Auschwitz holds a special place in the modern imagination, being synonymous with a horror that defies the descriptive powers of art. It was the largest of the Nazi extermination camps, responsible for the deaths of more than 1.1 million people. It inspired the German intellectual, T.W. Adorno, to famously declare: “to write poetry after Auschwitz is barbaric.” He also suggested that black should be the only permissable colour on a painter’s palette.
In Auschwitz, murder was practised on an industrial scale, barbarism refined into a method. The camp has become a touchstone for those who feel human nature is essentially bestial or negative, yet the greatest survival memoirs are testimonies to the resilience of the spirit. We are moved by writers such as Primo Levi and Elie Wiesel, but never left despairing. The late Eddie Jaku titled his 2020 memoir, The Happiest Man on Earth!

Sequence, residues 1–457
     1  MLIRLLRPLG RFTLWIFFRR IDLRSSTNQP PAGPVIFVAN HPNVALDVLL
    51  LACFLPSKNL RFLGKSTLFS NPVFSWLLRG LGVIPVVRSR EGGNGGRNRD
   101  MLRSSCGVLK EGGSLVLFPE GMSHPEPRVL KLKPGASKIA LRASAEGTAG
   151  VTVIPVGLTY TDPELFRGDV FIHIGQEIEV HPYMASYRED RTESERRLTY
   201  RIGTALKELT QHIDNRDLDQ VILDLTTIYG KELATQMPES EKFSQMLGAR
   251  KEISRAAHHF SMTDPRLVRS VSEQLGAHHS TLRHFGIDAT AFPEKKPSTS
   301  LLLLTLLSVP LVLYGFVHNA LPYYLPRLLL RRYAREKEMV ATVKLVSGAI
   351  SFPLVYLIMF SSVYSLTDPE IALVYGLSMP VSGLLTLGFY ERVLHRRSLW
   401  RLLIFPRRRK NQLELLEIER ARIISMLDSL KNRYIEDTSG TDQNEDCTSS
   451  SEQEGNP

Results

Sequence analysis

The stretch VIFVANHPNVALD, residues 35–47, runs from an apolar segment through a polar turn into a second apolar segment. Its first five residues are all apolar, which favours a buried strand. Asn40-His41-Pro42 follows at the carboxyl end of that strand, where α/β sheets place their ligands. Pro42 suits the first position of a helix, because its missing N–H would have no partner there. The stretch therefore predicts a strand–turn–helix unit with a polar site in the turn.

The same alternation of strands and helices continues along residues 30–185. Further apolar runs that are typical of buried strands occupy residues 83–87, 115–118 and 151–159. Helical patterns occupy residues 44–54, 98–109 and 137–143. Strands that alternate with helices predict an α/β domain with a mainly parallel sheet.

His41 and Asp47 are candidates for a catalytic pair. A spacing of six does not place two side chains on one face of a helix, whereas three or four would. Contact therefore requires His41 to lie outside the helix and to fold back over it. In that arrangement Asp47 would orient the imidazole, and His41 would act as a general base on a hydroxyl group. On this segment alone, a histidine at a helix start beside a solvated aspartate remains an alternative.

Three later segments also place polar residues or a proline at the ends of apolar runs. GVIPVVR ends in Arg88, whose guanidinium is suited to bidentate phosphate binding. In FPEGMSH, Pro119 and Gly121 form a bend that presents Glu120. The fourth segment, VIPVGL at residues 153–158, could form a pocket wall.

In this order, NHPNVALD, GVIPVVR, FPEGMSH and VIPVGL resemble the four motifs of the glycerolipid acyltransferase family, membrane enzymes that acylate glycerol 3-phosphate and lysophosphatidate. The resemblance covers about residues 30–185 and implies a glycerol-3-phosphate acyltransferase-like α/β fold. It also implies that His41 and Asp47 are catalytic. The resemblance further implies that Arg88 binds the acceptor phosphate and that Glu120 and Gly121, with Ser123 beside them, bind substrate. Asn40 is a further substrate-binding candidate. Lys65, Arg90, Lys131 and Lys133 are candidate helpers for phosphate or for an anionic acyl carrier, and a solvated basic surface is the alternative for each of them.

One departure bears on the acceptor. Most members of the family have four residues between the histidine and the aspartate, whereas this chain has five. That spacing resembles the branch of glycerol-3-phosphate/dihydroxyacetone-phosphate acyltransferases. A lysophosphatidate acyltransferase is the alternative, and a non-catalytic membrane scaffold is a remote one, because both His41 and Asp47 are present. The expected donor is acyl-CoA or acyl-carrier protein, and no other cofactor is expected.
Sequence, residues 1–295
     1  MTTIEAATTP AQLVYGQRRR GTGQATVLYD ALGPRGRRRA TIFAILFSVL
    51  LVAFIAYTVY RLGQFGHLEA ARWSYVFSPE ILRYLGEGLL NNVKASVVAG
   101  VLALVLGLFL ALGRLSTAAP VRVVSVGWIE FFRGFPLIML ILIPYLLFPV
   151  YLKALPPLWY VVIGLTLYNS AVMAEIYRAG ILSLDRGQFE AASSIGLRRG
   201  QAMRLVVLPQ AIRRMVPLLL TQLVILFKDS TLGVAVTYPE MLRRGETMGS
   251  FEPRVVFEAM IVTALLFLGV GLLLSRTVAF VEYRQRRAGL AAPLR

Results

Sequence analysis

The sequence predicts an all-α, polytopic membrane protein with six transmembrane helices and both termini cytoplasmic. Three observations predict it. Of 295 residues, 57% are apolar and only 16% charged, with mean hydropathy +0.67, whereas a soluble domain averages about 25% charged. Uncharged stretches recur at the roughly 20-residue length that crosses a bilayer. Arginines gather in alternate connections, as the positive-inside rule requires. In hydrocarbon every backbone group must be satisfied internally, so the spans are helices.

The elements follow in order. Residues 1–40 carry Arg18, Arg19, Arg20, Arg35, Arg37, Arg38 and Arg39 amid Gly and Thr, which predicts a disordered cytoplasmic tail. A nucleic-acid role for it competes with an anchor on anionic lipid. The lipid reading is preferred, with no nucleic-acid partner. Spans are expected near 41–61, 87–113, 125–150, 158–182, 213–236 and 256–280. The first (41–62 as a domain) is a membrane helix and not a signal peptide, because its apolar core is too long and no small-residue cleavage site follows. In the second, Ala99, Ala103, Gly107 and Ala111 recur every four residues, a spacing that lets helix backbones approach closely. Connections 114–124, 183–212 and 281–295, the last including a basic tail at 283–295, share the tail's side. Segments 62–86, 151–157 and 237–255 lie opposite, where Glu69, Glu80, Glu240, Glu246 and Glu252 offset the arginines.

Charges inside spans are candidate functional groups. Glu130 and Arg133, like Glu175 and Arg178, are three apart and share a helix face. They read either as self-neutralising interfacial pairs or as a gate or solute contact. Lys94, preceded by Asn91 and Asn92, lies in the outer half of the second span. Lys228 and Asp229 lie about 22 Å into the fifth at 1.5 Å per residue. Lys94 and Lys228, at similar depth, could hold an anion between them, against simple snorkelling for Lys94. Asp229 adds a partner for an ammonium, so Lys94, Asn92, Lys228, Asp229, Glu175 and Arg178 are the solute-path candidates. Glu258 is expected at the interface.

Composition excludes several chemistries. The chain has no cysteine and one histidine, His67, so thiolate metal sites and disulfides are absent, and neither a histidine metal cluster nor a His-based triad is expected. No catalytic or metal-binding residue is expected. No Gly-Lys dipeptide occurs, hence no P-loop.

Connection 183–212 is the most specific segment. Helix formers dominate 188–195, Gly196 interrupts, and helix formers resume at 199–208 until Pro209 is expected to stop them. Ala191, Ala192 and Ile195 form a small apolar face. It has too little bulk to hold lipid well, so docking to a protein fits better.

Shaken to his Core: The Unknown Story of Nolan’s Auschwitz, at the Sydney Jewish Museum, brings together a group of works Sidney Nolan created prior to a 1961 visit to the concentration camp, following the trial of Adolf Eichmann. These paintings remained buried away until they were exhibited in August 2021 at the Sidney Nolan Trust in Herefordshire.
Even though he is probably the most famous Australian artist of the modern era, Nolan remains an enigmatic figure. When putting together a retrospective in 2007 Barry Pearce estimated Nolan must have painted some 35,000 pictures. This seems even more remarkable when we learn how the artist would go for months at a time without picking up a brush, then charge into the studio and produce hundreds of images in a week.
Nolan is probably responsible for more dud paintings than any other Australian artist, but he was also capable of knocking off a masterpiece. He had an extraordinary talent for painting, but a genius for socialising. Whatever the deficiencies of the work, Nolan made up for it with his charm and intelligence. An autodidact in many fields, Nolan was genuinely cultivated, but there was a touch of the charlatan in his make-up.